Though the mayor and governor met separately with Amazon, they were in close contact, comparing notes and strategizing over the phone, according to a person briefed on the talks.

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Election Night in America Continued

It’s been a week since the 2018 election. And while there are 10 House races — and a Senate race (hello, Florida?) — still not called, we now have a very good sense of who voted, why they voted and what it tells us about the electorate both now and moving forward.

We have that sense because of the exit poll, a survey taken of almost 18,000 voters after they cast their ballots on Election Day. (For an explanation of exit polling and why it’s so useful in understanding voters, check this out.)

Below are 3 takeaways from the national House exit poll. You can see 12 more here.

1. Republicans have an age problem: In the national House exit poll, Republicans got crushed among young people — taking just 32% as compared to 67% for Democrats among those aged 18 to 29. But it’s more than just the youngest segment of the electorate where Republicans are struggling. Among voters aged 18-44 — at 42 years old myself, I’d say that includes people who are no spring chickens — Democrats took 61%, while Republicans got just 36%.

2. White women are swing votes: One of President Donald Trump’s saving graces in the 2016 election was white women, who made up 37% of the electorate and voted for him over Hillary Clinton by 9 points. In Tuesday’s election, white women again made up 37% of the electorate, but this time they split their votes: 49% for Democrats, 49% for Republicans.

3. More people (still) identify as Democrats: Asked what party they identify with by exit pollsters, 37% said Democrats, 33% said Republicans and 30% called themselves independents. Those numbers were very similar to where party ID was in 2016: 36% Democratic, 33% Republican and 31% independent.

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A Left-Flank Protest on Day 1 Signals a Democratic House Divided

Senior lawmakers who are eager to rise up the leadership ranks use orientation for another reason: to court and count votes.

Ms. Pelosi, who already made history as the first female speaker, now hopes to return to that job. On Tuesday, she courted hard during an event she hosted at Osteria Morini, an upscale Italian restaurant on Washington’s newly redeveloped waterfront. Behind its glass windows, she could be seen entertaining a mix of incoming and incumbent representatives, who chatted over drinks and hors d’oeuvres and posed for pictures with one another.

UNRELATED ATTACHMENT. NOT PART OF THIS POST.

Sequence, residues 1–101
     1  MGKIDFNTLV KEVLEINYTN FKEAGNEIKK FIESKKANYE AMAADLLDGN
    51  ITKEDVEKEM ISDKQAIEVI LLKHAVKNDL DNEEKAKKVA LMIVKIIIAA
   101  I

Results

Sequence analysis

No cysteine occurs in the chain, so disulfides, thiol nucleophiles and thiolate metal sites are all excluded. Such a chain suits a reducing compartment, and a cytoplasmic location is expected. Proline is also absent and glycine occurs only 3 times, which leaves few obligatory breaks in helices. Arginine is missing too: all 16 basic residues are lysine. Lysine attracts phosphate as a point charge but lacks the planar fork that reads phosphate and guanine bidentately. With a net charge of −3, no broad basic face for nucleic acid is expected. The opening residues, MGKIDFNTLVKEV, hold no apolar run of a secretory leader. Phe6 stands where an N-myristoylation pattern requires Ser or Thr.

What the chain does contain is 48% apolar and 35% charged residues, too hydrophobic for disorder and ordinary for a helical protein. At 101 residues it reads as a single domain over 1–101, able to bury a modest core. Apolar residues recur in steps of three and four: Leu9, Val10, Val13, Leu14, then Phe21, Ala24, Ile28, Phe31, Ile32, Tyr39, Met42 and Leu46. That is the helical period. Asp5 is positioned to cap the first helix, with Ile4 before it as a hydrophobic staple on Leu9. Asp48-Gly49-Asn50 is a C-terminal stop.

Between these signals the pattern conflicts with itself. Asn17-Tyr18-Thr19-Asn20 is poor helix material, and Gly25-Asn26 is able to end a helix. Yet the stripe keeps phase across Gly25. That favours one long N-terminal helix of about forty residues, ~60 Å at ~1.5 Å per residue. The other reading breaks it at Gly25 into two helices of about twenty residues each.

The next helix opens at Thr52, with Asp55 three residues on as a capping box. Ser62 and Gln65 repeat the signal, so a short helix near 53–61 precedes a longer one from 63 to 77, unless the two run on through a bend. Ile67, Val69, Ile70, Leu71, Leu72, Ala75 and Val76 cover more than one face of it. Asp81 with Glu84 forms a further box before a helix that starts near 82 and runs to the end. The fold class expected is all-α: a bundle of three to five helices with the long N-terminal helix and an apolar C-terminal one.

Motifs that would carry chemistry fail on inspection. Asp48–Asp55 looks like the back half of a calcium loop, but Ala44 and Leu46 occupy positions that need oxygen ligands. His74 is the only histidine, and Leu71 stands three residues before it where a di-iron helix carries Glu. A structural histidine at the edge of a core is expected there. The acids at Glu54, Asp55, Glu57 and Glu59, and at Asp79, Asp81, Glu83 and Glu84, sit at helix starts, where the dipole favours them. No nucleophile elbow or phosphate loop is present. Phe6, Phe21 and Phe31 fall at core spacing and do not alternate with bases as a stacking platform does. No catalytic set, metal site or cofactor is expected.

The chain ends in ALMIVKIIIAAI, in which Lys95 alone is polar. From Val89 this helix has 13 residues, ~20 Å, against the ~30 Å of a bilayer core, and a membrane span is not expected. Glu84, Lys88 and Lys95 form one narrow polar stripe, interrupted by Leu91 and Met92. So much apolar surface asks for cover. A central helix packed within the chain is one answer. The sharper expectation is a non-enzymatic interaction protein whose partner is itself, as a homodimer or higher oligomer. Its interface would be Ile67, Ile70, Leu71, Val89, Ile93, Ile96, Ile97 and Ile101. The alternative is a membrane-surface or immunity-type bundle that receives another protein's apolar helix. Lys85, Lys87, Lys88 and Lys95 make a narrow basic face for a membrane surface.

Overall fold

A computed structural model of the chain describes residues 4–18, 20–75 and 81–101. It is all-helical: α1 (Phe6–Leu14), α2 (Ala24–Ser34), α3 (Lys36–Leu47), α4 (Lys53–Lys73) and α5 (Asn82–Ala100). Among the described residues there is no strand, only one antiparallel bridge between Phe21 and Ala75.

The event, one of several on Tuesday, was also an opportunity for other representatives to formally meet their new colleagues.

“Max, proud of you, bro,” Representative Charlie Crist of Florida yelled outside the restaurant as he spotted Max Rose, who pulled off an upset on Election Day on New York’s Staten Island. “Proud of you.”

“I couldn’t be more excited to see you,” Mr. Rose said, beaming as the pair embraced in the cold.

Though Ms. Pelosi reached out with congratulatory calls and has begun meeting with some of the incoming members, her reception offered an opportunity for several of the new representatives to meet her in person. Many have yet to fully endorse Ms. Pelosi’s bid to reclaim the speaker’s gavel.

“Oh, gosh, I haven’t decided,” said Dr. Kim Schrier, who flipped a Seattle-area district long held by Representative Dave Reichert, who is retiring. “I’m just getting my sea legs.”

But one Washington veteran, Donna Shalala, the newly elected congresswoman from South Florida, did not hesitate to offer her endorsement.

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Retired Gen. John Abizaid Picked as Ambassador to Saudi Arabia

WASHINGTON—President Trump on Tuesday nominated retired four-star Army Gen. John Abizaid, who oversaw U.S. Central Command during the initial years of the Iraq War, to be ambassador to Saudi Arabia.

U.S.-Saudi ties have been strained by the killing of dissident journalist Jamal Khashoggi, which the kingdom has admitted. Mr. Trump has not yet decided on what retaliatory action to take and faces pressure from Congress and the government of Turkey. Khashoggi was killed Oct. 2 in the Saudi consulate in Istanbul, and Turkish officials…